7. Chase Vallot, c |
Born: Aug. 21, 1996 B-T: R-R. Ht.: 6-0. Wt.: 215. Drafted: HS–Lafayette, La., 2014 (1st round supplemental). Signed by: Travis Ezi.
Background: The Lexington Legends have an auxiliary video board in left center field that proved to be a useful target for Vallot. Many of his 13 home runs (in only 82 games) landed around the board and one actually destroyed part of it. It was a highlight of a season that had plenty of bumps and some broken bones. A 93-mph Gage Hinsz fastball to the face was the worst injury, as Vallot missed a month recovering. He also missed time with a back injury.
Scouting Report: In between his injuries, Vallot showed some of the best power in the South Atlantic League. He was repeating the league, but was still among its younger catchers. Vallot can square up velocity and has started to show signs of recognizing spin. He projects as a below-average hitter with above-average power. Vallot is a well-below-average defensive catcher at this point with inconsistent footwork. He has to continue to work to stay nimble enough to have a chance to stay behind the plate. He struggles with throwing accuracy–all 17 errors he committed behind the plate came on wild throws.
The Future: In a perfect world, Vallot is a Mike Napoli-type slugging catcher whose
ability to catch gives his bat time to adjust to the big leagues. High Class A Wilmington is not a friendly place for power hitters, but it is Vallot’s next step.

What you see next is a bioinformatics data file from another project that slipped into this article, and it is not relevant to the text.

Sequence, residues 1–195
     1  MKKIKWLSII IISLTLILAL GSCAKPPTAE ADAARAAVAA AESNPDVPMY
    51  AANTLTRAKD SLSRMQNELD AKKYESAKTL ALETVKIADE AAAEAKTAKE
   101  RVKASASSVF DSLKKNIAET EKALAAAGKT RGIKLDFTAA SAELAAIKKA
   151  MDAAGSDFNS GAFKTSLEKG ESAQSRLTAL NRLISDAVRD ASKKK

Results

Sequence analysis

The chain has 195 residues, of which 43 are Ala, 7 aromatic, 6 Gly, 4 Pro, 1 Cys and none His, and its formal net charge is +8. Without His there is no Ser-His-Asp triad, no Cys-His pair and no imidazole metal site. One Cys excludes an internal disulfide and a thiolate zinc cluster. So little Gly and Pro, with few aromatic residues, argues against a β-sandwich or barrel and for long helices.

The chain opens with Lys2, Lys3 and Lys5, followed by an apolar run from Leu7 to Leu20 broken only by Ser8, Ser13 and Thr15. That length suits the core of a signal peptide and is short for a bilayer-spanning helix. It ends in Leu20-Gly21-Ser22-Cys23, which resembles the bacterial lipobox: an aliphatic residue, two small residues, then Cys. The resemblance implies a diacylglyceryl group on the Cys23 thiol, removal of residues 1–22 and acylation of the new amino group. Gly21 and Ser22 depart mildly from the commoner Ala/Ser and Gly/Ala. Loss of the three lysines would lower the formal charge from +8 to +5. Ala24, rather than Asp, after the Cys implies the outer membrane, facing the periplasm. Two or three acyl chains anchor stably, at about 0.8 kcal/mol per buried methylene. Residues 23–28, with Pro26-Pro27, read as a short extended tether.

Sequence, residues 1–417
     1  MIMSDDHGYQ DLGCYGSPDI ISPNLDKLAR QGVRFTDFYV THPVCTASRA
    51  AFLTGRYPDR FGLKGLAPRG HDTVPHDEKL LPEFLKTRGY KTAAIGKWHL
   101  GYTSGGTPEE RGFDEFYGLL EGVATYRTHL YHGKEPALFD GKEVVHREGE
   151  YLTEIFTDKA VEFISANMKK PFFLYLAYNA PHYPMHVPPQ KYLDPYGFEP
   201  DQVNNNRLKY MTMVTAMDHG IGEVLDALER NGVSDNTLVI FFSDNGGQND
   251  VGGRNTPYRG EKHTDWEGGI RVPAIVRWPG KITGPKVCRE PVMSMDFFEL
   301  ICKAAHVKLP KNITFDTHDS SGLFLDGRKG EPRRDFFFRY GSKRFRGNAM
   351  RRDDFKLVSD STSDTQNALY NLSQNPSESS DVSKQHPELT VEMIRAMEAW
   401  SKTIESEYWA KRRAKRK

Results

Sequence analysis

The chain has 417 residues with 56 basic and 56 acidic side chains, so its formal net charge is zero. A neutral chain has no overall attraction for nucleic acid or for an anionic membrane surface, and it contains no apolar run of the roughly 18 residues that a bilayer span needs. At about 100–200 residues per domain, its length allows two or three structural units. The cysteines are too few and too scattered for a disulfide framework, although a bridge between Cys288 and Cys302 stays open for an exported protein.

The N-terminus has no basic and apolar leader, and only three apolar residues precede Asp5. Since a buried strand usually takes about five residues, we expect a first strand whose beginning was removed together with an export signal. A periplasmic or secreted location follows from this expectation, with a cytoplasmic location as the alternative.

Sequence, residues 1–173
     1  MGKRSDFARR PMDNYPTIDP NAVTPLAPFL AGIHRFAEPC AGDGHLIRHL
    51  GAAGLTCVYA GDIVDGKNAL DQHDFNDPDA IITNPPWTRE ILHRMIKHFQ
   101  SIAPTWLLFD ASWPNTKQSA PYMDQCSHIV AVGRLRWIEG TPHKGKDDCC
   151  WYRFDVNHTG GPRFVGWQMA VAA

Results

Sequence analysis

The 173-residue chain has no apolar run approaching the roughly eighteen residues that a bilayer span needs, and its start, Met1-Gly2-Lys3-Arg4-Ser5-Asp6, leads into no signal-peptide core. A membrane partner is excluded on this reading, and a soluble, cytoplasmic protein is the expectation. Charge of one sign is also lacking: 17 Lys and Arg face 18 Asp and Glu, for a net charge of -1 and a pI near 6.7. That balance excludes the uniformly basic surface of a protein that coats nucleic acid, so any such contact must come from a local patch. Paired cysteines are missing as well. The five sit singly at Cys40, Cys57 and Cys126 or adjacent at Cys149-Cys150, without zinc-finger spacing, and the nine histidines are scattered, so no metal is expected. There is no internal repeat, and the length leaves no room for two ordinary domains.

|AZL Royals (R)||.133||.257||.367||30||5||4||1||0||2||2||3||14||0|
8. Ryan O’Hearn, 1b |
Born: July 26, 1993. B-T: L-L. Ht.: 6-3. Wt.: 200. Drafted: Sam Houston State, 2014 (8th round). Signed by: Justin Lehr.
Background: Scouts frequently complain that college baseball encourages hitters to focus too much on contact and not enough on driving the ball. O’Hearn is one of their prime examples, as he went from a singles hitter at Sam Houston State to a slugger in pro ball. He hit a home run every 60 at-bats in college but one every 20 at-bats as a pro.
Scouting Report: O’Hearn’s power comes from strength and leverage. His bat speed is average at best, which leads to some concerns. His plus raw power plays in games though, giving him a chance to hit 25 home runs in an everyday big league role. The Royals have emphasized getting O’Hearn to use the entire field and he responded. After hitting two home runs the opposite way to left field in 2015, he hit nine to left in 2016. O’Hearn is an average defender at first base. He does a good job of scooping low throws, though his range is limited. The Royals have worked to get him time in left field as well, but he’s well below-average in the outfield largely because he is a well below-average runner.
The Future: With Eric Hosmer heading into his final year before free agency. O’Hearn is the best homegrown option to earn to a starting job in Kansas City in 2018. He still has work to do in Triple-A this year to prove he is more than a minor league slugger.